Recessionista

By Elisa Bronstein

During today’s tough economy, a sale is most definitely a sale. There was a time, however, when it was difficult to get excited about a sale, because it was safe to assume that the sale article had been marked up and suddenly, drastically slashed. On recent shopping trips, I’ve come across both unmarked sales and ones that made me feel more like an archaeologist than a Recessionista, but that resulted nonetheless in some wonderful finds. Continuing to follow fashion on a tight budget has proven a challenge, but one that may leave me with lasting frugal habits when the economy has righted itself.

Fashionistas turned Recessionistas, like magazine companies, clothing retailers, and the politically prominent, have been put in an interesting position. In the past, Fashionistas have been charged with knowing and showing the latest trends, and now they must continue to display style on a budget. This challenge will only add to the Recessionista’s repertoire, as there are now both fiscal and fashion considerations in the creation of every outfit.

Gone are the days when thrift entailed public humiliation; the new ideals of the Recessionista are here to stay. Living the Recessionista lifestyle allows us to feel thrifty, trendy, and fulfilled all at once. What could be better?

My personal favorite find on the internet has been Mary Hall’s blog: therecessionista.blogspot.com. Here, Hall, marketing manager at IBM Redondo Beach, California, shares her latest and greatest tips on staying ahead of the fashion curve. She offers exclusive coupons to her subscribers, lists sales that might otherwise go unnoticed, and posts interesting stories that are sure to inspire others to act more like CSI agents when it comes to uncovering a sale. Reading through her site, I found these tricks to be the most resourceful:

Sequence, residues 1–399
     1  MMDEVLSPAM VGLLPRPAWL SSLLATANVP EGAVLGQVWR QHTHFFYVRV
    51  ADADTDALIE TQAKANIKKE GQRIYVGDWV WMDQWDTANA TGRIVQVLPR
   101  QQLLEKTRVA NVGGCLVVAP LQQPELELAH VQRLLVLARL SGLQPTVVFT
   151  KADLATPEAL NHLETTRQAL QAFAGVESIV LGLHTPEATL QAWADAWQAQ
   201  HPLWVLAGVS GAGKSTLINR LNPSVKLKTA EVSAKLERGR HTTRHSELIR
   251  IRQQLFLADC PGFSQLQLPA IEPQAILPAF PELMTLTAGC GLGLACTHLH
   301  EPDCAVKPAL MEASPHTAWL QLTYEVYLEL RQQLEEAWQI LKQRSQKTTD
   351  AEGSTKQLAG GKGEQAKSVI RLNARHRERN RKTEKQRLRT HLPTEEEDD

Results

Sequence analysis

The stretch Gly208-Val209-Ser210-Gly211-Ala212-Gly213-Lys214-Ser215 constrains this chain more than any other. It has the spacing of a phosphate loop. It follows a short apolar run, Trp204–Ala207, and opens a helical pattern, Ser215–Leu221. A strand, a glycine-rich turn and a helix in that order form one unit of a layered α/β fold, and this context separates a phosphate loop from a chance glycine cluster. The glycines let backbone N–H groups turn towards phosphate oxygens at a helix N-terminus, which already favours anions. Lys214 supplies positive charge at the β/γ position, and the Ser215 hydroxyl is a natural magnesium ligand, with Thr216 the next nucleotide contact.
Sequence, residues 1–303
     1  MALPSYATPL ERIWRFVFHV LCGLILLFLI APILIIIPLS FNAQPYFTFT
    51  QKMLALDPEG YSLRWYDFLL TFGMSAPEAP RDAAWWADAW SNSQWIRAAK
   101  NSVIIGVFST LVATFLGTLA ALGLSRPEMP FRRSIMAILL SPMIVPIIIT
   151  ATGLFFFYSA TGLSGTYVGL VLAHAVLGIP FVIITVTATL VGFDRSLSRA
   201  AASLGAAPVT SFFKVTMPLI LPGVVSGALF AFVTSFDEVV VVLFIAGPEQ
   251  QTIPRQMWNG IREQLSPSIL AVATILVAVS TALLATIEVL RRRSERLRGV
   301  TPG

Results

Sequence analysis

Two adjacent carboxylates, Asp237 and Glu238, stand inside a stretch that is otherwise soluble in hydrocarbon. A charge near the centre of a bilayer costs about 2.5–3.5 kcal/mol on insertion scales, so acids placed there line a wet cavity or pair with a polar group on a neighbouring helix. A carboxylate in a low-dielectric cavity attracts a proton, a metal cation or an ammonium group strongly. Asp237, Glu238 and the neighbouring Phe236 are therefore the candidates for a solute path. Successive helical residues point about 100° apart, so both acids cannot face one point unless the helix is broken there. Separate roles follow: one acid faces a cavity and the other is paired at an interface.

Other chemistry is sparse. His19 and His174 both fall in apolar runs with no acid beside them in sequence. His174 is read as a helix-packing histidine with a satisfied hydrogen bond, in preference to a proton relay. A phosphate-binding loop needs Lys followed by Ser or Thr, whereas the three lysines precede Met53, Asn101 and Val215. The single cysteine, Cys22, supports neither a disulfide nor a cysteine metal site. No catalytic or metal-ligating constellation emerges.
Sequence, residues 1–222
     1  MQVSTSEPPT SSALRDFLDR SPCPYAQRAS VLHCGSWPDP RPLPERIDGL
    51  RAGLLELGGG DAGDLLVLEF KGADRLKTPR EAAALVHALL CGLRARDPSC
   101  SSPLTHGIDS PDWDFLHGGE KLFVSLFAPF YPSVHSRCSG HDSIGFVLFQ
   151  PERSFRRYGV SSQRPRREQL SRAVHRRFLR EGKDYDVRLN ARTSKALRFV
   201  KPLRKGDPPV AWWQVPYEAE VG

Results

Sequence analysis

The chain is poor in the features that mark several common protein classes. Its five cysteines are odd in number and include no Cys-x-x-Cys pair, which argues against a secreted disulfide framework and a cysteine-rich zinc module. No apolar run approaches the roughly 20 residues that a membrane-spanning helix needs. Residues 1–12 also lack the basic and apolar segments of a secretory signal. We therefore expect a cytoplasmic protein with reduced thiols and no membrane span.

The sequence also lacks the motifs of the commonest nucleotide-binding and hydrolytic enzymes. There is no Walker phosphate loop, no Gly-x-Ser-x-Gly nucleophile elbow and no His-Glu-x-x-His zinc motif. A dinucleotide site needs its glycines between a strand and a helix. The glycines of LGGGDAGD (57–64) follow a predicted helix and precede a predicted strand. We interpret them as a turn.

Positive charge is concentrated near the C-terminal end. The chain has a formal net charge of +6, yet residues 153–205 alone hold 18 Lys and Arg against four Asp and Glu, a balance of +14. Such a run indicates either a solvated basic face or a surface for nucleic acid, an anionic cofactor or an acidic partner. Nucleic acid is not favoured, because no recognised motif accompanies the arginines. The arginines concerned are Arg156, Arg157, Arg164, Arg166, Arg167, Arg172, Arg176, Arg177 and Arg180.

• Know how to reuse classic pieces in your closet in a fresh, new way.

• Embrace the courage to be frugal: Ask for sales, use your coupons, and know that even though you’re spending less, this doesn’t mean you’re getting less.

• Pick up simple, basic pieces from places such as H&M and Zara and from top designers’ lower-end brands such as Vera Wang’s line sold at Kohl’s.

• Swap clothes with friends to complete your look
without breaking your wallet.

• Shop around at Goodwill, Salvation Army, and
consignment shops to find unique, quality, lightly
worn pieces.

Get out there and show everyone your proud Recessionista self!

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